Art Department

Back to Contents of Issue: April 2001

How an art duo called exonemo lets you engage in minor acts of technological terrorism.

by Andrew Pothecary

DISCODERAWAY FROM THE TRADITIONAL gallery areas, the Command-N art space sits in a side street in Akihabara's "electric town," among the shops and street vendors who sell everything you need for computing.

Late last year Command-N hosted the DISCODER exhibition by exonemo, a duo of twenty-something creators Yae Akaiwa and Kensuke Sembo. The piece features a computer connected to the Internet, and projected onto the wall behind it you see the source code of any Web page you select. But instead of a keyboard, there are mouses corresponding to each key. When you click a mouse, the number or letter of the key it represents is sent onto the page, sometimes flying into the page's display text, sometimes into the source code. Over time, the insertions change picture position, text, color, and eventually coherence until the page is unrecognizable.

Call it minor technological terrorism -- the satisfaction lies in "bombing" a site (which is downloaded onto the gallery computer so the original remains unharmed) until it is no longer usable. This may sound anti-technology, but that's not the creators' intent. exonemo say they see increasing technology as a good thing: "Sometimes we feel strange about people's hysterical disgust and [resistance to technology]. We should find a new meaning by viewing that feeling from another angle."

"DISCODER (Installation Version)" at Command-N. Photos masato Nakamura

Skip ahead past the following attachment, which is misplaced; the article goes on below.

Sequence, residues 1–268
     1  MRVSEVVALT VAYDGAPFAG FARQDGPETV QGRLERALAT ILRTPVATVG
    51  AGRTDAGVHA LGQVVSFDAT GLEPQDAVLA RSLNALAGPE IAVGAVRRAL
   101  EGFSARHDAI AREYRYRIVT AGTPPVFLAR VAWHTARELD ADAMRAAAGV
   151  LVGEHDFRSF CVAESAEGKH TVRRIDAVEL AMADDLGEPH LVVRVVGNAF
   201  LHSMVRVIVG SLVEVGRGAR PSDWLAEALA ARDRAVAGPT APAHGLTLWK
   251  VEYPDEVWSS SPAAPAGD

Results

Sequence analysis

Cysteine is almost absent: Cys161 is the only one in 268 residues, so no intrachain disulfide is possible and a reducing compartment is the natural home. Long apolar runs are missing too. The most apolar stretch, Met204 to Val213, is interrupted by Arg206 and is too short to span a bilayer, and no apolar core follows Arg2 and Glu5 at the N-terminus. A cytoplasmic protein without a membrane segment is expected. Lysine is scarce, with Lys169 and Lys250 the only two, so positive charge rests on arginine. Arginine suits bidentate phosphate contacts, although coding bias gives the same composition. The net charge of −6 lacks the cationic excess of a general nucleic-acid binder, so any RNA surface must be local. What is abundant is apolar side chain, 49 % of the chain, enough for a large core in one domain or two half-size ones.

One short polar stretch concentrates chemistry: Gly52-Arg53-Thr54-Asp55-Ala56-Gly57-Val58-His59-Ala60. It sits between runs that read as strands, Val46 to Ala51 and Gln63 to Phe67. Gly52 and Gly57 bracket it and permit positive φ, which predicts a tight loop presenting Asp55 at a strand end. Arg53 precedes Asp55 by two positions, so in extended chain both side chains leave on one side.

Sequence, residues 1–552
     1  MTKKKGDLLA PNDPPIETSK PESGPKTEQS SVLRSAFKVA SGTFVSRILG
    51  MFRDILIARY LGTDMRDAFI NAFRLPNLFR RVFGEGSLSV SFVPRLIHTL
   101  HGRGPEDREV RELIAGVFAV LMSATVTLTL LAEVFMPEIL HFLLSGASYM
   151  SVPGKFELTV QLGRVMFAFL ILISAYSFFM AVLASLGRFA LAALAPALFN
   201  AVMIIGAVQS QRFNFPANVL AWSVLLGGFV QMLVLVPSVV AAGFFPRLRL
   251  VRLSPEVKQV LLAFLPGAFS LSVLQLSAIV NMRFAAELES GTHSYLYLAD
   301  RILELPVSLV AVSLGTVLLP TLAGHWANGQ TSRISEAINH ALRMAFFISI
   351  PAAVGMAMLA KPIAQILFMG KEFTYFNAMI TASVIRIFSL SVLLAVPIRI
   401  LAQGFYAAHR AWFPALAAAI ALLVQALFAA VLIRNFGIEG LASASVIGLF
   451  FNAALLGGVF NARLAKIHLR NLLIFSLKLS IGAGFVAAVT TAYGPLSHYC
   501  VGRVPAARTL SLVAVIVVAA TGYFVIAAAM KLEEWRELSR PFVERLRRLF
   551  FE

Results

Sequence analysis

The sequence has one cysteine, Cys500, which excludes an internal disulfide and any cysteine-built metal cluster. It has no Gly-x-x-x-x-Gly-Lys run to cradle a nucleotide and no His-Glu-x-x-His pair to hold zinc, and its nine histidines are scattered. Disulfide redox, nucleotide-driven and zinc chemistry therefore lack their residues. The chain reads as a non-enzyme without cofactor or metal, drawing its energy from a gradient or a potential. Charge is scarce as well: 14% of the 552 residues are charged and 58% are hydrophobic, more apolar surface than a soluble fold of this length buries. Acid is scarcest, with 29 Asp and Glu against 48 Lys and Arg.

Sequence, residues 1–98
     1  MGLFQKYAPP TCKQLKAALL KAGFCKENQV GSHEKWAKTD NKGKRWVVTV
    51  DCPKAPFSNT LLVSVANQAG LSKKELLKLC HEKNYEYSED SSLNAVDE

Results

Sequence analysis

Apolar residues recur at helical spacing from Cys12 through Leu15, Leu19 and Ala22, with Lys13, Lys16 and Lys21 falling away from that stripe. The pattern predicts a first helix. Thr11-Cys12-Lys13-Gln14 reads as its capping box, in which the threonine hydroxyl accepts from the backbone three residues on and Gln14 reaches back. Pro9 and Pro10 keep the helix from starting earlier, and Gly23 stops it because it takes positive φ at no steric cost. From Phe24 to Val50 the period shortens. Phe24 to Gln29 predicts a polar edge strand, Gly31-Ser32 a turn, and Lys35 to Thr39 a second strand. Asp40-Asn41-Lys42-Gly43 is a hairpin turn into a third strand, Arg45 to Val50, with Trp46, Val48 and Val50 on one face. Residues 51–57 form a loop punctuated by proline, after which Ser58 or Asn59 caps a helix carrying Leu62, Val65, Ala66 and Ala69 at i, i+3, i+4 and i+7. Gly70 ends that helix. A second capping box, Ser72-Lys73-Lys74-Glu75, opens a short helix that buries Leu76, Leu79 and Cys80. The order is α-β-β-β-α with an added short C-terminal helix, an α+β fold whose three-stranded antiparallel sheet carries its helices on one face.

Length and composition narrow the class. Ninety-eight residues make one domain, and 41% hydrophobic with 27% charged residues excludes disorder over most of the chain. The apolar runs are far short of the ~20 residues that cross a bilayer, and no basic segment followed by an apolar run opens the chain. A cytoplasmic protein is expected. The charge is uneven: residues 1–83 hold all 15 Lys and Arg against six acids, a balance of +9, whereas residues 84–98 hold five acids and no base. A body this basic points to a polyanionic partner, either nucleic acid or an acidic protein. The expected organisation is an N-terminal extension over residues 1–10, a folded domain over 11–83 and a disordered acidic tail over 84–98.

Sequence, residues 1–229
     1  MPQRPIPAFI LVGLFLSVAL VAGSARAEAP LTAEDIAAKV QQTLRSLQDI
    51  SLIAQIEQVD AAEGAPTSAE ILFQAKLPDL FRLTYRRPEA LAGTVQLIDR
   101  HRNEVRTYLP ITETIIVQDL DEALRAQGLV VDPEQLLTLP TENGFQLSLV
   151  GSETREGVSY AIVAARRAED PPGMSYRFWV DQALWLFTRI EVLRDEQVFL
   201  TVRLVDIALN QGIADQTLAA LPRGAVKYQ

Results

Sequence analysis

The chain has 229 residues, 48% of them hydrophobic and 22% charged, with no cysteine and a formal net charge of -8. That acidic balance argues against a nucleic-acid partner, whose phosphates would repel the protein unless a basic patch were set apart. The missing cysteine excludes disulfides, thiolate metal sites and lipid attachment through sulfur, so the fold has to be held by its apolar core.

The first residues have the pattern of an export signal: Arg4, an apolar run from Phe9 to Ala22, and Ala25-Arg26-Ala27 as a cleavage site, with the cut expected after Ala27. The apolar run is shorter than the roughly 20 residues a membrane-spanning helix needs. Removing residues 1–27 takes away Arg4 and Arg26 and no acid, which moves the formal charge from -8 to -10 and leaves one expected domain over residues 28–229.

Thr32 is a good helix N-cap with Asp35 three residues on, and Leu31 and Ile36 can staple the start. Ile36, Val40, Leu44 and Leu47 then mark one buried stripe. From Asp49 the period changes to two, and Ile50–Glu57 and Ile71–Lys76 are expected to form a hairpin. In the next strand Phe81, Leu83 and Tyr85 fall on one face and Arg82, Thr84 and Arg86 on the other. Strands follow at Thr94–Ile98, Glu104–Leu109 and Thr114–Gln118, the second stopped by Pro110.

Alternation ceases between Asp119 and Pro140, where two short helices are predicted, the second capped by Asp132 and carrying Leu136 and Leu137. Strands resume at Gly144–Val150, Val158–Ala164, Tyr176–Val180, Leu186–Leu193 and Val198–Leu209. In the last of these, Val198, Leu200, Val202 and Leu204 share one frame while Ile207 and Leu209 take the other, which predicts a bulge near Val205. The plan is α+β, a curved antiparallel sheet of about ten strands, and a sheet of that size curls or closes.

One highlight of DISCODER is its simultaneous celebration and disintegration of technology. The show's Akihabara location (it has been set up in other galleries and is on exenomo's Web site) was almost as much a part of the piece as the original idea. When I saw it, DISCODER was linked to an unofficial PC seller on the street, so the site you gradually destroyed (or created?) inside the art space was seen on a for-sale PC outside. A display of technological destruction and creation among the electric shops -- where, incidentally, all the mouses for the show had been bought. exonemo say they were pleased to be able to show work outside of the "bioclean galleries, where an accident could never happen even if a dangerous virus were to be cultivated." No danger of confusing that with Akihabara!

The duo feel primarily at home in the "huge and unstable database of the Internet" -- to which they're returning after recent gallery-based shows. (See for their latest ideas.) Their curation by Command-N this time around was apposite: The non-profit collective also runs "Akihabara TV," where artists' works appear on TVs in Akihabara's shops. Its next edition will be in spring 2002. Watch this space. -- Andrew Pothecary

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